Research proves danger of texting while driving, although it should be obvious

Okay. The results of this study shouldn’t be a surprise. What is surprising is how many people text while driving:

The first study of drivers texting inside their vehicles shows that the risk sharply exceeds previous estimates based on laboratory research — and far surpasses the dangers of other driving distractions.

The new study, which entailed outfitting the cabs of long-haul trucks with video cameras over 18 months, found that when the drivers texted, their collision risk was 23 times greater than when not texting.

The Virginia Tech Transportation Institute, which compiled the research and plans to release its findings on Tuesday, also measured the time drivers took their eyes from the road to send or receive texts.

In the moments before a crash or near crash, drivers typically spent nearly five seconds looking at their devices — enough time at typical highway speeds to cover more than the length of a football field.

I’ve had my car for 10 years now and the odometer just hit 32,000 miles. I just don’t drive much. I am, however, always walking around D.C., mostly with my dog. I live right off Connecticut Avenue, which is a pretty major thoroughfare for this city. It’s amazing to me how many people are fiddling with their blackberries or iphones while driving. Lots of people are talking on the phone, which is illegal. But, more and more, I see people looking down at their handheld devices — while driving. This being D.C, people here are very, very important and must always be checking emails and texts. That’s more important than paying attention to the road.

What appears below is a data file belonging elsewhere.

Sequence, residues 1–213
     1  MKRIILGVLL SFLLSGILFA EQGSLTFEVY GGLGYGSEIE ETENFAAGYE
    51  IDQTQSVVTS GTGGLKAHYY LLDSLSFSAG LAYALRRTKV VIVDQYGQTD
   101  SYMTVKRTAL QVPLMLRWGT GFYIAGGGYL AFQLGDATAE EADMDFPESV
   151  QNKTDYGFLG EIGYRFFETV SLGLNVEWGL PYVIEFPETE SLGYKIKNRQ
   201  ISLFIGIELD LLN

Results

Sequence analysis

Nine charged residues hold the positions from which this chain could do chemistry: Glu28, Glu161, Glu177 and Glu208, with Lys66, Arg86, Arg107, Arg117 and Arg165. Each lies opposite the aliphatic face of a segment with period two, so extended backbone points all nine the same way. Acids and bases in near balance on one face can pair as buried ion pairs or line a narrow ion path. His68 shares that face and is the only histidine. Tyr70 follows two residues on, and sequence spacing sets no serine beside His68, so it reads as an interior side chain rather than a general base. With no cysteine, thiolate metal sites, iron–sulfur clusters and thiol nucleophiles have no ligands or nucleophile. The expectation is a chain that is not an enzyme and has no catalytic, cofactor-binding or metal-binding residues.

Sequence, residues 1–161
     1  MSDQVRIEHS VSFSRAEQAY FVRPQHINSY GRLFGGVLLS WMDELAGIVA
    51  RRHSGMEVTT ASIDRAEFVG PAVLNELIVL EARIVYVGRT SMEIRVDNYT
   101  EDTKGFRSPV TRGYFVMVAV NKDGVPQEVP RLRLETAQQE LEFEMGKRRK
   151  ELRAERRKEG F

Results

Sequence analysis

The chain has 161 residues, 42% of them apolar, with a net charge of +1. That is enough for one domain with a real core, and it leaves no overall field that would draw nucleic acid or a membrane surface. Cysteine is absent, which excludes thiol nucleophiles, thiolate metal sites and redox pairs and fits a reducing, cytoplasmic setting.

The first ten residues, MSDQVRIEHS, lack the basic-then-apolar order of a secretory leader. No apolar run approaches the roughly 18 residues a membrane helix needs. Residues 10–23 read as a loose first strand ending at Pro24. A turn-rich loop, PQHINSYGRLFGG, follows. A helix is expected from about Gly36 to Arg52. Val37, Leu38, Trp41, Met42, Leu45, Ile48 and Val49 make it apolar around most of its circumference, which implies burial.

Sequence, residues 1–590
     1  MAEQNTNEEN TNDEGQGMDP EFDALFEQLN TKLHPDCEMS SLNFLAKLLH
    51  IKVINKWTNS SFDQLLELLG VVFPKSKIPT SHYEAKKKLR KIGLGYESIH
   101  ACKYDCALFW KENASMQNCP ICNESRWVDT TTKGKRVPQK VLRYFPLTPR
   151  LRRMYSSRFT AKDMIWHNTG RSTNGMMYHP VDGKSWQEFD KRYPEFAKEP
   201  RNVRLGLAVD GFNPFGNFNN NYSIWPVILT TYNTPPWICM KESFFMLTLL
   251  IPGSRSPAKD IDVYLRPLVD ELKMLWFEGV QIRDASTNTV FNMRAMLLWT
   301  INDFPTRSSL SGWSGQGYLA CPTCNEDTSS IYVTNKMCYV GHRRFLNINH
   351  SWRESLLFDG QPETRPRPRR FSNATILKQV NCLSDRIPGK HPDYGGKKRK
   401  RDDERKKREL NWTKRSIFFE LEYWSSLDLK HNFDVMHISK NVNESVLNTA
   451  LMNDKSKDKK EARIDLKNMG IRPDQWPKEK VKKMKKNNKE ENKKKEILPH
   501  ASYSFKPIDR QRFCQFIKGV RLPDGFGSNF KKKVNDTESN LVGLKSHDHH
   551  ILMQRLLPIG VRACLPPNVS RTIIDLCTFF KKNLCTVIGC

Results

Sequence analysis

On October 27, 2010, Joe was one of five bloggers who interviewed President Obama. Joe is a DC-based political consultant with over twenty-five years of experience at both the state and federal level. Joe has managed political operations and legislative efforts for both candidates and issues-based organizations. For seven years, he was the Director of State Legislation at Handgun Control, Inc. He served as that organization's first Political Director during the 2000 cycle. Joe is a graduate of the University of Maine School of Law. In addition, he has a Masters in Public Administration from Lehigh University and received his B.A. from the University of New Hampshire. Joe also has a fun dog, Petey, a worthy successor to Boomer, who got Joe through eight years of Bush and Cheney. Joe likes to think he is a world class athlete having finished the 2005 Chicago Marathon in the time of 4:10. He has completed six other marathons as well -- and is still determined to break the four hour mark.

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